Frank Bowling began his career at the Royal College of Art after moving from his native British Guyana to London in 1953. During his time at the RCA, he studied alongside David Hockney and Peter Blake and became involved in the British Pop Movement of the 1950’s and 1960’s. Aided by a Guggenheim Fellowship, Bowling moved to New York in 1966. Following a solo exhibition at the Whitney in 1971 (in the same period as shows featuring Melvin Edwards, Jack Whitten, and Alma Thomas), Bowling met influential critic Clement Greenberg, who became a regular visitor to the artist’s studio and a major influence on his practice. With Greenberg’s advice and encouragement, any lingering doubts about his commitment to Modernism were abandoned, and Bowling began to progress further toward pure abstraction, removing all recognizable imagery to focus on process, materials and color.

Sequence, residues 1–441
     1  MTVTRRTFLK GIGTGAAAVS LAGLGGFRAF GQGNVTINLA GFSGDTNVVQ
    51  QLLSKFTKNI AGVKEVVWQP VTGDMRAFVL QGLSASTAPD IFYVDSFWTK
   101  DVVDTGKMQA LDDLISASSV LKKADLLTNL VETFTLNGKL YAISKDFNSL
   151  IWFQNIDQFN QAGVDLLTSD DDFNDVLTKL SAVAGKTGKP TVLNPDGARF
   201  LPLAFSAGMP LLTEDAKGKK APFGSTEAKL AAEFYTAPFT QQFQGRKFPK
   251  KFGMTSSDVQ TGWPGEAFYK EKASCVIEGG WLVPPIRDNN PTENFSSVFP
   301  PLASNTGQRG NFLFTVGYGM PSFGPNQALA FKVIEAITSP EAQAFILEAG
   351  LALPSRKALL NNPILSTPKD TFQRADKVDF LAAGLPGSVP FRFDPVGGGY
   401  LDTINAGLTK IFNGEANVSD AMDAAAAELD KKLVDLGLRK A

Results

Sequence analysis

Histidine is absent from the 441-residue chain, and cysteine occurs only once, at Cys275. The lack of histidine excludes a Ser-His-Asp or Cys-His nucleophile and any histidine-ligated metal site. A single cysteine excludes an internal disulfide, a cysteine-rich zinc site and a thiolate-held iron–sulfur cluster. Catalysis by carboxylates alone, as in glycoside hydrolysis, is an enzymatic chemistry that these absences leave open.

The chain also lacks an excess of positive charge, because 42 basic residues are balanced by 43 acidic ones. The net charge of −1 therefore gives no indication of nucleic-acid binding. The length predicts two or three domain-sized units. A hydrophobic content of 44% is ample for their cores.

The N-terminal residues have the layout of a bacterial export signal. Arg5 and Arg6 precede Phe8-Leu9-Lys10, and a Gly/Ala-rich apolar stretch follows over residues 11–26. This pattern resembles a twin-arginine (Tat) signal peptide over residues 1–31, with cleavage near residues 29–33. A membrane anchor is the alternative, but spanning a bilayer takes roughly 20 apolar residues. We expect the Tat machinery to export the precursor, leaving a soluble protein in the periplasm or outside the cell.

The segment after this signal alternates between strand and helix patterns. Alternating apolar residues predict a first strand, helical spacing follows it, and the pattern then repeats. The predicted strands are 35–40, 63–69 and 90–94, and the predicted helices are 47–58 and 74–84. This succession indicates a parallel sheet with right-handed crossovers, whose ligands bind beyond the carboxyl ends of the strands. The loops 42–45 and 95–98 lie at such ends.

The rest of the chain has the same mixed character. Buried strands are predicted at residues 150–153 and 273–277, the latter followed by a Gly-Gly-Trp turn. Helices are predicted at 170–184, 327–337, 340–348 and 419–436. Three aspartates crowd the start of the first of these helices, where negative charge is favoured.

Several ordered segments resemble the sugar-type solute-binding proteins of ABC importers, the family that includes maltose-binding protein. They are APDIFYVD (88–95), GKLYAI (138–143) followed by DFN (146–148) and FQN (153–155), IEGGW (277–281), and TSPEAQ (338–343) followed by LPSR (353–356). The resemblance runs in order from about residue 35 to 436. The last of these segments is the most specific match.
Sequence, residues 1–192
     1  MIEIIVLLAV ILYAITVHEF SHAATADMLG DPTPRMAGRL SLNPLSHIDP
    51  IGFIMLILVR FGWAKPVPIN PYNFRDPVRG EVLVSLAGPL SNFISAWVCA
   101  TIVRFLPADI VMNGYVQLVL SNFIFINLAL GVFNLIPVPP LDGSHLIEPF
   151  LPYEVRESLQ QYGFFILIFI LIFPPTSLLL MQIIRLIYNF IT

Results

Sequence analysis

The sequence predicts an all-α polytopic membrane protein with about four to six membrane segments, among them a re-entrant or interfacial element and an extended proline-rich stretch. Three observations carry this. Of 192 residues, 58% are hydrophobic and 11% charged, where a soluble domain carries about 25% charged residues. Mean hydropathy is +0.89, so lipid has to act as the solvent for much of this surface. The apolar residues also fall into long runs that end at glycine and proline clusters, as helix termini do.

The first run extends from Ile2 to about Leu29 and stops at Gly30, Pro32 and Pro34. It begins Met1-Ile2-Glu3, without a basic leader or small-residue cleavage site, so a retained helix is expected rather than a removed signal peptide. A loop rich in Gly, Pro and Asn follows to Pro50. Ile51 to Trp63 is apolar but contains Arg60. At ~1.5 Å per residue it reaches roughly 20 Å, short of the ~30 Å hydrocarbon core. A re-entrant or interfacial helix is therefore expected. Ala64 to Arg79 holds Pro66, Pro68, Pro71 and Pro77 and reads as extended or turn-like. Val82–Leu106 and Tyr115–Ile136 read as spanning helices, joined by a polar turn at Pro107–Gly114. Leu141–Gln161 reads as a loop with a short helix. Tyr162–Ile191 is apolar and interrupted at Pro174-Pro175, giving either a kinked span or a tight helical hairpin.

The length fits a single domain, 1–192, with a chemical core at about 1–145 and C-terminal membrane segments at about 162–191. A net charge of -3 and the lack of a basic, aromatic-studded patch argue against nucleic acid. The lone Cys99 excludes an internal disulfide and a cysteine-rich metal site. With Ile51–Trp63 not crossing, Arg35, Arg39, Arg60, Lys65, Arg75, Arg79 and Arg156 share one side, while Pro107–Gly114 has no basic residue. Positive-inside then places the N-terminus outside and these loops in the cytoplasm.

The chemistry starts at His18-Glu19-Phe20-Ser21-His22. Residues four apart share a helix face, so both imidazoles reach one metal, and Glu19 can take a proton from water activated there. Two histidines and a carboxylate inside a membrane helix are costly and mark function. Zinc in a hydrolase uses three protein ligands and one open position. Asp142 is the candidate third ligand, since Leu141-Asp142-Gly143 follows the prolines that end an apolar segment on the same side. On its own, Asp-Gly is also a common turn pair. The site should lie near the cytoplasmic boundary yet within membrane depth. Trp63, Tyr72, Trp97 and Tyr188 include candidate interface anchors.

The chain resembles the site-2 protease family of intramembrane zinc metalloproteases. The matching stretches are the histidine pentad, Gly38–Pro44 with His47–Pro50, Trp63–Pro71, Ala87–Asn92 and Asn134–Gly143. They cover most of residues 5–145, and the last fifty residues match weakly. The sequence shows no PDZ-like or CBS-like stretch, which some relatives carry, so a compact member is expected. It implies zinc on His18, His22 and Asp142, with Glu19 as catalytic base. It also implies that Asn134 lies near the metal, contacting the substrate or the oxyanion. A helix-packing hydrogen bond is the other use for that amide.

Bowling’s work can be found in numerous prestigious collections including The Metropolitan Museum of Art, New York; Museum of Modern Art, New York; Museum of Fine Arts, Boston; Royal Academy of Arts, London; Tate Gallery, London; Victoria and Albert Museum, London and the Whitney Museum of American Art, New York, among others. An exhibition at the Dallas Museum of Art in 2015 marked the first time in nearly 45 years that Bowling’s Map Paintings were on view since its debut at the Whitney Museum of American Art in 1971.
Recent museum shows include Mappa Mundi at Haus Der Kunst, Munich, Germany (2017), a solo career retrospective at Tate, Britain (2019) and Soul of a Nation: Art in the Age of Black Power, an internationally acclaimed travelling group exhibition organized by Tate Modern (2017-2021).
In 2020 Frank bowling was awarded the honor of Knight Bachelor conferred upon him in the Birthday Honors List by Her Majesty The Queen. The Birthday Honors list recognizes the achievements of a wide range of extraordinary people across the United Kingdom.